LG: Now, recognizing that each city has its own rules and regulations, what are typically the rules around using these things? Can you use the bike lane? Are you supposed to go where scooters go? How does that work?
BA: It's sort of a free for all right now, at least as far as I understand. I mean, I think they have the same level of regulation as like electric scooters do. They don't have a dedicated lane. Some people ride them in the bike lane. Some people ride them on the sidewalk. The reason I wanted to write this story is because there's a guy who rides past me on an electric unicycle every single day on my way to work, and I have to jump out of his way. The way our cities are designed, they're not really designed for these kinds of personal vehicles. There are car lanes. There are bike lanes and everything, but there aren't electric personal vehicle lanes yet.
MC: I think that those are coming honestly with the growth of micromobility in general, not only just more bicycles on the street, as people start to make the move towards bicycles because they care about the environment, but also with things like bike share, scooter share, and the rise of these devices, we're going to have to redesign the city streets. And anybody who is redesigning a street in 2020 is going to have to take these things into account. So you talk to urban designers, you talked to urban planners, and they will all tell you that yeah, bike lanes as they are now generally suck. We have good bike lane designs. There are cities in Europe, in European countries, that are really stepping up and making more accessible designs for bicycles necessarily. I don't know if they're addressing the scooter influx or the one-wheeled device influx, but I mean, this is something that we're going to have to start thinking about now because there's only ever going to be more of these.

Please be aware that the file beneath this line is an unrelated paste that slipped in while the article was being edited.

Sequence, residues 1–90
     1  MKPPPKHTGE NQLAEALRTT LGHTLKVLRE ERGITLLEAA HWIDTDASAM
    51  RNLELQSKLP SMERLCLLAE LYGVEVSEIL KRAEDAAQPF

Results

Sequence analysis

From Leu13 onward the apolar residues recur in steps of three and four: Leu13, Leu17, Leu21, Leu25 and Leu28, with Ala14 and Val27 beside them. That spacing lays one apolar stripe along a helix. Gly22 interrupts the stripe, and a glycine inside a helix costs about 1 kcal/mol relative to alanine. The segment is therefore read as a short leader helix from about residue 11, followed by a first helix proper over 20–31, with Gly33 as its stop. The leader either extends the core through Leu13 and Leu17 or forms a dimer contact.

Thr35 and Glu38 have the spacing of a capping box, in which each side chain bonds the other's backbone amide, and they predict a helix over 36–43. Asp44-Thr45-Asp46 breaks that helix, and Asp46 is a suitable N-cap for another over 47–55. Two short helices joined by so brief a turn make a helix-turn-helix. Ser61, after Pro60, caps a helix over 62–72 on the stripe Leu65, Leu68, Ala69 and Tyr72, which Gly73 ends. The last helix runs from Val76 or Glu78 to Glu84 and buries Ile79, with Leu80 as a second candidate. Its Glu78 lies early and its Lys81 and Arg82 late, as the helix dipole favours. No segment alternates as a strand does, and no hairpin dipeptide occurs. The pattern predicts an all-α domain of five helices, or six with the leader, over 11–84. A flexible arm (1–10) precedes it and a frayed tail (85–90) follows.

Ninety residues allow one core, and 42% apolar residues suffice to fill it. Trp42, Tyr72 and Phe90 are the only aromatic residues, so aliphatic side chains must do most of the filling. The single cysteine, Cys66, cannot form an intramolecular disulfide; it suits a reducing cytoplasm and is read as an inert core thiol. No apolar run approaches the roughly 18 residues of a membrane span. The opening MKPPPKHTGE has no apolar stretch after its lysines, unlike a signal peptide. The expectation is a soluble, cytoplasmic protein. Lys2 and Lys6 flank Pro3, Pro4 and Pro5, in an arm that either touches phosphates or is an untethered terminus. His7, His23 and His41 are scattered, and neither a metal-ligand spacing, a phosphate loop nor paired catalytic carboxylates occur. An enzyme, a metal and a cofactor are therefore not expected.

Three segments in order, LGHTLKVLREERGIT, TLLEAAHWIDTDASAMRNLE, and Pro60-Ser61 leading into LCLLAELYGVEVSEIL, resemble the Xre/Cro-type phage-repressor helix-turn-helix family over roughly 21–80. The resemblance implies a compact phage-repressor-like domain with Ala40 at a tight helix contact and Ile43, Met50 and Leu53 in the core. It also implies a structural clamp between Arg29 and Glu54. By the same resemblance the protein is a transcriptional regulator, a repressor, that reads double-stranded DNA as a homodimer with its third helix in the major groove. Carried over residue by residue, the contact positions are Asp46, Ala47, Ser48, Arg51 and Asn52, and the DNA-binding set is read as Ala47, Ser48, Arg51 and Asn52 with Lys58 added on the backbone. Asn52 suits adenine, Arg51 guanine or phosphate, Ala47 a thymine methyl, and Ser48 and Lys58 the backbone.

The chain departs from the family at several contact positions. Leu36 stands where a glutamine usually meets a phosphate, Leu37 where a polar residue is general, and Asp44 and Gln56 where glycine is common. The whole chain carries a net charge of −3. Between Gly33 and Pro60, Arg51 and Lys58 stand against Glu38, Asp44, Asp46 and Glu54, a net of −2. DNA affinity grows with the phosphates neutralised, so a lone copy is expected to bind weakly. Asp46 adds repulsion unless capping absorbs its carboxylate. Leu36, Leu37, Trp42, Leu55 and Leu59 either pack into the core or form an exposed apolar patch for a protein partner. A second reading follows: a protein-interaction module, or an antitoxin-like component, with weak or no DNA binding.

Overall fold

BA: Right. And I don't think they're making regulations specifically for one wheels, but they fall into that category, these electric vehicles. Our own Alex Davies wrote a piece called "Save the Scooters, Redesign the Streets, and Save San Francisco" about how these scooters get dumped into the city, and some people see them as a menace, but electric vehicles really, these small ones, are really the way that people are going to get around because cities are getting more and more congested. It's really one of the only options we have other than just walking everywhere, which I don't entirely recommend because I walked to work today, and my pants are still soaked because it's pouring rain out there. So yeah, I definitely see the appeal of these things.
LG: I think scooters and possibly we'll see one-wheeled devices tend to get a bad rep too because of the ownership model, which I guess doesn't exist in the same way as it does with bikes, and the way that some of the technology enables people to just leave them in places. So with bikes, a lot of people do own their own bikes, and even if you're in a city that has a bike share program, it's often city-sponsored or has some big corporate sponsor wrapped around it, and then they take care to place the docking stations at specific locations. And the same has been done with jump scooters or scoot scooters and things like that. But with some of the other scooters, they don't have a place to go, and so some people just ditch them in places. And then people who do own them, maybe they carry them on the train as they would their backpack. But people who have a bike have to go to the bike car on the train and have a specific pass to get their bike on the train. So because there isn't the same kind of structure or infrastructure that exists around smaller personal mobility devices at this point, they do seem a little bit more haphazard, which as a result gives them a bad rep, even though in reality we should be embracing more of the micromobility trends.
BA: Right. Part of the thing about the one-wheeled vehicles too is there's like a cyborg aspect of it, right?
BA: More so than just writing like a scooter or a bicycle. Those look like familiar means of transportation. I think when you see someone on a one-wheeled device, it seems cyborg. It seems kind of alien and weird, and so you're kind of put off by it. But I also think that is part of the appeal. I mean, there was people that I talked to, electric unicycle enthusiasts, who kind of described being on a one-wheeled vehicle as a form of transhumanism, basically. I think it speaks to our desire to want to constantly be optimizing, be improving ourselves. We don't want to accept our biological limitations of being on two feet, and so there's always going to be something appealing about jumping on one wheel and just being able to zoom around like you're a space wizard or something.